Books > Old Books > The Republic Of Plato (1901)


Page 33

BOOK I

"Has then each of the arts any other interest than its own perfection?"
" What do you mean by this question?"
" Just as if," said I, "you were to ask me whether the body is self-sufficient, or whether it needs something in addition to itself, I would reply : Assuredly it needs something additional. And for this reason the now discovered art of medicine exists, because the body is subject to illness, and it is not sufficient for it to be such as it is. Accordingly to procure for this what is for its advantage the art has been devised. Do you think," I said, "that I would speak rightly or wrongly in answering thus ?"
" Rightly," he replied.
" Well then, is the art of medicine itself defective, or is there any respect in which any other art still needs some excellence, as the eyes, the sense of vision, and the ears, the sense of hearing, and on this account over and above them needs some art which looks to and provides what is to their interest for these purposes? And in the art itself is there some defect, and does each art require another art which shall consider its interest, and this in turn another again of like nature, and so on to infinity? Or by virtue of itself will it look to its own interest? Or has it no need either of itself or another to be applied to its own defect, to consider what is for its advantage, because there is no fault or deficiency in any art, nor does it belong to an art to seek the advantage of anything else than that upon which the art is exercised, and it is in itself complete and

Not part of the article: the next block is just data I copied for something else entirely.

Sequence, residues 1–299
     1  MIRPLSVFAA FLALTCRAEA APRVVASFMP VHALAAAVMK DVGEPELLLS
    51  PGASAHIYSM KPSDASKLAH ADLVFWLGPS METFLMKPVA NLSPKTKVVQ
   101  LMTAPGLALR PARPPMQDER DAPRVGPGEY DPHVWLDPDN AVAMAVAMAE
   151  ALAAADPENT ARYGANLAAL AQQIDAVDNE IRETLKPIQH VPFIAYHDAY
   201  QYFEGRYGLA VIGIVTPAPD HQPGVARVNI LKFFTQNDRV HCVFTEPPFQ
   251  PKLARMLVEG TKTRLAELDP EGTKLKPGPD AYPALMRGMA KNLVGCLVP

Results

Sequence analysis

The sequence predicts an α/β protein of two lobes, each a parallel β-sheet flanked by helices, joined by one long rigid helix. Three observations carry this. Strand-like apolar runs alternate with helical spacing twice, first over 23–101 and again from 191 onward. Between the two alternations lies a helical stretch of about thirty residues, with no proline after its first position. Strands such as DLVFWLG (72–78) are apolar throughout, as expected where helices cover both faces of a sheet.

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where is HTML where is HEAD where is TITLE "Has then each of what is arts any other interest than its own perfection?" " What do you mean by this question?" " Just as if," said I, "you were to ask me whether what is body is self-sufficient, or whether it needs something in addition to itself, I would reply : Assuredly it needs something additional. And for this reason what is now discovered art of medicine exists, because what is body is subject to illness, and it is not sufficient for it to be such as it is. Accordingly to procure for this what is for its advantage what is art has been devised. Do you think," I said, "that I would speak rightly or wrongly in answering thus ?" " Rightly," he replied. " Well then, is what is art of medicine itself defective, or is there any respect in which any other art still needs some excellence, as what is eyes, what is sense of vision, and what is ears, what is sense of hearing, and on this account over and above them needs some art which looks to and provides what is to their interest for these purposes? And in what is art itself is there some defect, and does each art require another art which shall consider its interest, and this in turn another again of like nature, and so on to infinity? Or by virtue of itself will it look to its own interest? Or has it no need either of itself or another to be applied to its own defect, to consider what is for its advantage, because there is no fault or deficiency in any art, nor does it belong to an art to seek what is advantage of anything else than that upon which what is art is exercised, and it is in itself complete and where is meta name="keywords" content="old books, Free book , free book offer , free audio books , free coloring book pages , free book reports , free audio book , audio books free download , book free , free guest book , books free , free book summaries , download free audio books , free childrens books." where is where are they now rel="stylesheet" type="text/css" href="../../style.css" where is meta http-equiv="Content-Type" content="text/html; charset=iso-8859-1" where is BODY bgColor=#ffffff text="#000000" where are they now ="#000000" v where are they now ="#FF0000" where is div align="center" where is strong where is strong where is a href="http://www.aaoldbooks.com" Books > where is a href="../default.asp" title="Book" Old Books > where is strong where is a href="default.asp" The Republic Of Plato (1901) where is table width="700" border="1" align="center" cellpadding="15" cellspacing="0" where is center where is tr where is td width="160" align="center" valign="top" where is div align="center" where is td align="center" valign="top" where is div align="left" where is div align="center" where is p align="left" Page 33 where is strong BOOK I where is p align="justify" "Has then each of what is arts any other interest than its own perfection?" " What do you mean by this question?" " Just as if," said I, "you were to ask me whether the body is self-sufficient, or whether it needs something in addition to itself, I would reply : Assuredly it needs something additional. And for this reason what is now discovered art of medicine exists, because what is body is subject to illness, and it is not sufficient for it to be such as it is. Accordingly to procure for this what is for its advantage what is art has been devised. Do you think," I said, "that I would speak rightly or wrongly in answering thus ?" " Rightly," he replied. " Well then, is what is art of medicine itself defective, or is there any respect in which any other art still needs some excellence, as what is eyes, what is sense of vision, and what is ears, what is sense of hearing, and on this account over and above them needs some art which looks to and provides what is to their interest for these purposes? And in what is art itself is there some defect, and does each art require another art which shall consider its interest, and this in turn another again of like nature, and so on to infinity? Or by virtue of itself will it look to its own interest? Or has it no need either of itself or another to be applied to its own defect, to consider what is for its advantage, because there is no fault or deficiency in any art, nor does it belong to an art to seek what is advantage of anything else than that upon which what is art is exercised, and it is in itself complete and where is Server.Execute("_SiteMap.asp") %